Many of us have likely heard that it’s not what you know but rather who you know that determines your success. But when it comes to building sales relationships, what really counts is “who is glad they know you?”
Ask yourself, when you come through the door or place a call to your customers and prospects, do you look like good news to them? Do they look forward to their contact with you? The more you can bring value to everyone you meet, the more they will open their doors and wallets to you.
For 13 years I had been a client of Dave Scott’s, yet for about three years all of my contact with him had been by mail and email, plus a couple of short phone calls. He was my insurance agent and had earned my loyalty through good service and good products. But one day I saw an advertisement from a competitor of Scott’s that looked really appealing. At my wife’s urging, I called Scott before contacting the other company and he offered to drop by and review our portfolio with us.
The moment he walked through our front door, I remembered how much I liked him. His smile filled the room and he made both of us feel good just by being there. As we reviewed our coverage he suggested we eliminate some of our older insurance coverage and add new, more up-to-date coverage in other areas. The net effect of this review was that we purchased even more insurance! And we felt good about it, too. We were confident that we had chosen the right amount and type of coverage, and so we happily placed even more business with Scott.
The importance of building relationships in sales
People do business with others they know and trust. You may know a thousand people and they may even recognize you, too. But you truly develop a relationship with them when some value is exchanged. When you offer value to another person, then they have a reason to care about staying connected with you. If a waitress at a restaurant you frequent always treats you as if you were her best customer, then you may develop a preference for dealing with her. As this grows over time, you may even insist on dealing with her, even when other servers are available.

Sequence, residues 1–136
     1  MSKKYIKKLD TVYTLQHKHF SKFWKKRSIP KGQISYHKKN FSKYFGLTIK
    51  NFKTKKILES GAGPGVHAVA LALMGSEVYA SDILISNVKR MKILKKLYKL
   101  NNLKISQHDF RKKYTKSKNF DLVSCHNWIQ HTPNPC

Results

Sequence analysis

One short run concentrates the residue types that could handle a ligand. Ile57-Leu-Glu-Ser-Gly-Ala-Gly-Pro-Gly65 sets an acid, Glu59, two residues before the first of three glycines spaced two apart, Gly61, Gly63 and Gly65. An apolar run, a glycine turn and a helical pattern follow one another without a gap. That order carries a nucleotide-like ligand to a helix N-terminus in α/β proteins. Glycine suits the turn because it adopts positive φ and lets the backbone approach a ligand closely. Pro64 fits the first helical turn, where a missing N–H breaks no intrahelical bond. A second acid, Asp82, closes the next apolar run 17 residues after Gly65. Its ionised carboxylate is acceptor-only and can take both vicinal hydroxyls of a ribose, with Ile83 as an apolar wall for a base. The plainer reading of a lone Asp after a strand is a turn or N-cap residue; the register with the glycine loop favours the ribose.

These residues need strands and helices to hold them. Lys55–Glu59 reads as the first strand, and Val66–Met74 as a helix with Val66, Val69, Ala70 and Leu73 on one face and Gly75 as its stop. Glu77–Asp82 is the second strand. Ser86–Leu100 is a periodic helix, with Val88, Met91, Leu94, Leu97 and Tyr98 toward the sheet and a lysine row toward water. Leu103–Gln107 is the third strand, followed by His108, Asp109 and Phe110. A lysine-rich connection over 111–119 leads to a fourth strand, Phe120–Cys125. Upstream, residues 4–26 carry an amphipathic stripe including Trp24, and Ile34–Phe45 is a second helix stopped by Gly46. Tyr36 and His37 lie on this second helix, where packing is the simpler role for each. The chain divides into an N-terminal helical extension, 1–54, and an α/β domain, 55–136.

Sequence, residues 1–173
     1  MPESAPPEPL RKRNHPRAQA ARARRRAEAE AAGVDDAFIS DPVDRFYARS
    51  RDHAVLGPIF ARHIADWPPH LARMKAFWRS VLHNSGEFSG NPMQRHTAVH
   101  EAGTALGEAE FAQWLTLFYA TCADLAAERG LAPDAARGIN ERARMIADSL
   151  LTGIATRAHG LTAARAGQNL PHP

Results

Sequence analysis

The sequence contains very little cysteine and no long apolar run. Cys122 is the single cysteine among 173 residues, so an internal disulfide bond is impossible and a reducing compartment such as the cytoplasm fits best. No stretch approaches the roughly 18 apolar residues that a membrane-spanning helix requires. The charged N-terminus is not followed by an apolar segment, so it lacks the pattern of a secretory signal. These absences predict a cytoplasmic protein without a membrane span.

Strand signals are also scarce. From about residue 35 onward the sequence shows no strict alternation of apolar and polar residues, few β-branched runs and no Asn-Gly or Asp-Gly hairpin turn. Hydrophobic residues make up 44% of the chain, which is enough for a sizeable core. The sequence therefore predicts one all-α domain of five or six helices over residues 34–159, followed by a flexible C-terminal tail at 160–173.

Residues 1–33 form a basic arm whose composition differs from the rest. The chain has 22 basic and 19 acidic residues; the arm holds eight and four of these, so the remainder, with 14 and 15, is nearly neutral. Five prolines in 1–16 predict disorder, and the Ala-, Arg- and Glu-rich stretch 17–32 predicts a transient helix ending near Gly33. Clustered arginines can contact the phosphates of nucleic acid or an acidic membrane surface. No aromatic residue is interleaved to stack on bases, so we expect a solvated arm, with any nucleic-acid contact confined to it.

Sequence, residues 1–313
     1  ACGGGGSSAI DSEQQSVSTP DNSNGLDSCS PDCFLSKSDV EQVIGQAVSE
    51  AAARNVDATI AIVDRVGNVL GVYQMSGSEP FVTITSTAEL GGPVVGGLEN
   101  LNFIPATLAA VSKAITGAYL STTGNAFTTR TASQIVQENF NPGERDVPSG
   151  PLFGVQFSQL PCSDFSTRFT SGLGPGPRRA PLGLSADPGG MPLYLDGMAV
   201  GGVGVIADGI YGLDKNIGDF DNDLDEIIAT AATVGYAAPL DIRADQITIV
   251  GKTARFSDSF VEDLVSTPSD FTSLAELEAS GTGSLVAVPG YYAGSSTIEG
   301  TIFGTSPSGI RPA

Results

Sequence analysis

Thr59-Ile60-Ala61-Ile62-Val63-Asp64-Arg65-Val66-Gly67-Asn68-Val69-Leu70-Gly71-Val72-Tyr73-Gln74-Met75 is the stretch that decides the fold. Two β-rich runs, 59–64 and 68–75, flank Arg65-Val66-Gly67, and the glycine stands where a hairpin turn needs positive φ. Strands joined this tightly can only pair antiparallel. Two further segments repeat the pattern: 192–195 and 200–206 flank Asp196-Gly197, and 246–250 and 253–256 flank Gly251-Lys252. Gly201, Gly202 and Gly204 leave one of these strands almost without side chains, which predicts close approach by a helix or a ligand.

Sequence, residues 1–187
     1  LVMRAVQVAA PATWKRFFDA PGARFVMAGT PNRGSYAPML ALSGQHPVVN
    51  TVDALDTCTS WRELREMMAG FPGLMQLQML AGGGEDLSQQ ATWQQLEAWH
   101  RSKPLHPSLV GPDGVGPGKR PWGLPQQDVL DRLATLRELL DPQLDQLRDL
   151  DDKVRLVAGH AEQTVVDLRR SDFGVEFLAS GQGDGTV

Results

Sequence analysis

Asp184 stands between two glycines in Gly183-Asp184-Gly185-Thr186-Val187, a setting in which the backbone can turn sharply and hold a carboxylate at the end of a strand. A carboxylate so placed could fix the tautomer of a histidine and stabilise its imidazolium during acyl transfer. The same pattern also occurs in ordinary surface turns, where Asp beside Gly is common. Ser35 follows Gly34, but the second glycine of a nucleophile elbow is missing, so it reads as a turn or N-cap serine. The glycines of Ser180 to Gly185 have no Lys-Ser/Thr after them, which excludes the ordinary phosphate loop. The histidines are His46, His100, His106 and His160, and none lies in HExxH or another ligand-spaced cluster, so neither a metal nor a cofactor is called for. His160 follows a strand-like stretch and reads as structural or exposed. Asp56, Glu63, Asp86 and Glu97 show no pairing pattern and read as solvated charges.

The ability to maintain relationships and employ them effectively to achieve your desired outcomes is called relationship intelligence. Your sales career is also a series of relationships. Some of them may contribute directly to your desired outcomes, while others may not.
Here is the formula for relationship intelligence: understanding plus performance over desired outcome.
Understanding is what you know, performance is what you do and desired outcome is what you want.
Maintaining relationships by creating value
The purpose of each relationship is determined by the desired outcomes. In selling, this is about providing a service or product at a profit. Without giving value to the customer, there is no payoff that encourages them to stay connected with you, and without the profit there is no justification in your staying connected with them. You can increase your success by increasing either your understanding or your performance in three areas: self, others and situations. The better you understand yourself, the more fully you understand others—and the greater your ability to adapt to changing situations and needs, the greater your success.
This is not just about people skills; it’s about intentionally and consciously creating many high-value relationships with positive potential. This is the intelligent orchestration of your life’s relationships to get you closer to your desired outcomes.